CalSTRS, the state's pension fund for public school teachers, is running dangerously low on money. Their proposed solution to the problem? To see if the cash-strapped state might have an extra $56 billion laying around somewhere.
As the current legislative session winds down, leaders of the $154-billion California State Teachers' Retirement System have opted to begin a lower-key, multiyear lobbying campaign to convince Gov. Jerry Brown and lawmakers to approve a gradual increase in state, community college and school district contributions for the retirement of 852,000 public school educators.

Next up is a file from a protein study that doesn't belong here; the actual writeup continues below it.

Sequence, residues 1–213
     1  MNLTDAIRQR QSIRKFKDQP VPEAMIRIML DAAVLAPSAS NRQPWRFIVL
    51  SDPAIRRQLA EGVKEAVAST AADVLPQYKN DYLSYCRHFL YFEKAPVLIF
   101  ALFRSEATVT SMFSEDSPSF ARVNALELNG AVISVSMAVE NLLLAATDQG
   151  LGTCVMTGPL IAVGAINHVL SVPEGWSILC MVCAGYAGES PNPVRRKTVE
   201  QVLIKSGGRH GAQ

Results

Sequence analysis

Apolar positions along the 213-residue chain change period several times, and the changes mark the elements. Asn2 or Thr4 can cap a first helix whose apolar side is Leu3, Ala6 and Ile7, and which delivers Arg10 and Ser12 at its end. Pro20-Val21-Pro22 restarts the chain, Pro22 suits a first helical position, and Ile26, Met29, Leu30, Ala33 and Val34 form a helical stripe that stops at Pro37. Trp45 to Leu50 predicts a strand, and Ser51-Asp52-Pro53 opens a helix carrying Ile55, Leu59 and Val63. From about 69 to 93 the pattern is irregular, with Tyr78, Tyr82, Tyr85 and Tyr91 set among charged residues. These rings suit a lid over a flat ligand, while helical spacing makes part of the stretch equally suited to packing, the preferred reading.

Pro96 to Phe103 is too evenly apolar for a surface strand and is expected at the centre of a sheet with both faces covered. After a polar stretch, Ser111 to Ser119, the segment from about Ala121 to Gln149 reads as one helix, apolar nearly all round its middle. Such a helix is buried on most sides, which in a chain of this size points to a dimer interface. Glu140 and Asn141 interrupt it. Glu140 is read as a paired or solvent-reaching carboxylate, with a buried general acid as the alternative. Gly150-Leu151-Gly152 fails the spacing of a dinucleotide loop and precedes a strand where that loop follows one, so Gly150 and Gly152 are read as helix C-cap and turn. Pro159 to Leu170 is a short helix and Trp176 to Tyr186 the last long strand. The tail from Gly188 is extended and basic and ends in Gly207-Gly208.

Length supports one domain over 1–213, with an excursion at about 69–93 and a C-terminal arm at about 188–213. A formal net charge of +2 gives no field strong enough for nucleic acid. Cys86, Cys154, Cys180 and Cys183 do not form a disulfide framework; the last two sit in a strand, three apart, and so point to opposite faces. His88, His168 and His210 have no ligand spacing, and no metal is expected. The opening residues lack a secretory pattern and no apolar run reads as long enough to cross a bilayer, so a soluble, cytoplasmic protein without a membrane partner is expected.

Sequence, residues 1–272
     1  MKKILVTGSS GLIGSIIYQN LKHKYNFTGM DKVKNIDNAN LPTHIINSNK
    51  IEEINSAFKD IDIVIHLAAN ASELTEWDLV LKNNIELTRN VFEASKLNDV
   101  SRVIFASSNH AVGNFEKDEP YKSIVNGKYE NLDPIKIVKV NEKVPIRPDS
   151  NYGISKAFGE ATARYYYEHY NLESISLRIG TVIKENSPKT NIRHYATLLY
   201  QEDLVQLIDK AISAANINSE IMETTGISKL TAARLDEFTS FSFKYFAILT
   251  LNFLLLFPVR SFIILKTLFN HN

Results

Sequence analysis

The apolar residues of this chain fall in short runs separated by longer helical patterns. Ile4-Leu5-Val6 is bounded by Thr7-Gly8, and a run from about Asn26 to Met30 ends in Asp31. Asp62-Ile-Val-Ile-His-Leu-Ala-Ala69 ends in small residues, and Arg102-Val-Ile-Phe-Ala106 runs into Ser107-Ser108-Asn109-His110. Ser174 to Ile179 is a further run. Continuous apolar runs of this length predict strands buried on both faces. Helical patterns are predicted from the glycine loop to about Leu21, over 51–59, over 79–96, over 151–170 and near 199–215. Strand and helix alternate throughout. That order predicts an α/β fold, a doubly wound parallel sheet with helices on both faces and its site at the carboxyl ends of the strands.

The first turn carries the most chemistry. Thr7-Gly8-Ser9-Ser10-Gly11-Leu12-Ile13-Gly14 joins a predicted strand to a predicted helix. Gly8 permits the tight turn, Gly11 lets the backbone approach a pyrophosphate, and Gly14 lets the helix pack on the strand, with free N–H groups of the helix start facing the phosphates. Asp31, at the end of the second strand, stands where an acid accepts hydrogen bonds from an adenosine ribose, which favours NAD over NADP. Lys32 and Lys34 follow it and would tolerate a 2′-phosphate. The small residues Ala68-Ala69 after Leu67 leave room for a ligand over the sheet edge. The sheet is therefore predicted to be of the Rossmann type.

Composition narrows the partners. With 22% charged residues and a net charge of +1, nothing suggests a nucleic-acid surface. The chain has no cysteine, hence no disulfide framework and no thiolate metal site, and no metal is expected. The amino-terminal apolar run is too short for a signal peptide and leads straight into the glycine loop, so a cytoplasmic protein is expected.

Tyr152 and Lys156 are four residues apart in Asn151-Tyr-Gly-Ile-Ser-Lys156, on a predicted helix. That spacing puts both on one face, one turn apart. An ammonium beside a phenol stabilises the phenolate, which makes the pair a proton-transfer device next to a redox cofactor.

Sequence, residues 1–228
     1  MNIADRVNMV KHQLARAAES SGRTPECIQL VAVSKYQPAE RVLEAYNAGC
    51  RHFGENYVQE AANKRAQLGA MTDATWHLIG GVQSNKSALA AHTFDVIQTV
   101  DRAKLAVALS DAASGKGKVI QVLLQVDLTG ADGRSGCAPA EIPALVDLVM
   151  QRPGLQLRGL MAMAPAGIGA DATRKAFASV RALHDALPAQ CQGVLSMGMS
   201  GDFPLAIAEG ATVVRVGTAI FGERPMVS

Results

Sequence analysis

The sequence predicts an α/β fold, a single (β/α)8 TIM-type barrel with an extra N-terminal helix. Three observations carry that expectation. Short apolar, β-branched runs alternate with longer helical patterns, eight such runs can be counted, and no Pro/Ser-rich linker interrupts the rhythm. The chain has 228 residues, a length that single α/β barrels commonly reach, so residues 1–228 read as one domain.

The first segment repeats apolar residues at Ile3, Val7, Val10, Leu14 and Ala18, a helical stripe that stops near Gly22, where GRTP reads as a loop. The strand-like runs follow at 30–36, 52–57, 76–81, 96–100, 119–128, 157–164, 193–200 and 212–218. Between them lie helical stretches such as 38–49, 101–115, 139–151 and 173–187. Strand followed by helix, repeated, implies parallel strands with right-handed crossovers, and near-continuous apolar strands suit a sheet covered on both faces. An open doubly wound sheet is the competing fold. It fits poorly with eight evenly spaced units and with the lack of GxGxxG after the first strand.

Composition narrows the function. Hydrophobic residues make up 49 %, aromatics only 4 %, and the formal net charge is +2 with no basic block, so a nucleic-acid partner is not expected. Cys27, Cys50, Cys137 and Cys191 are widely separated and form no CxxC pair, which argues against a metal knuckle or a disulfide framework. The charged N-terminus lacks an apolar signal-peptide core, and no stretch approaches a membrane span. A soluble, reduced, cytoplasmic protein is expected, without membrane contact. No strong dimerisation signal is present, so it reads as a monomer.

Without a contributions boost, the pension known as CalSTRS faces a projected $56-billion funding gap and could run out of money in 32 or 33 years, said Chief Executive Ehnes in a meeting Tuesday with the Los Angeles Times editorial board.
The fund now has only 71% of the money estimated to meet pension obligations. That contrasts with 110% it had at the beginning of the decade, more than enough to pay all future pensions.
Experts consider 80% to be the minimum secure level.
A bit of instruction before the teachers come to Sacramento to rattle their tin cups: First, retired educators in California make more on average than active teachers in 28 other states. Second, Golden State teachers haven't seen their own contributions to their pension plans increased in nearly 40 years. Food for thought before yet another financial burden is pushed on to California taxpayers.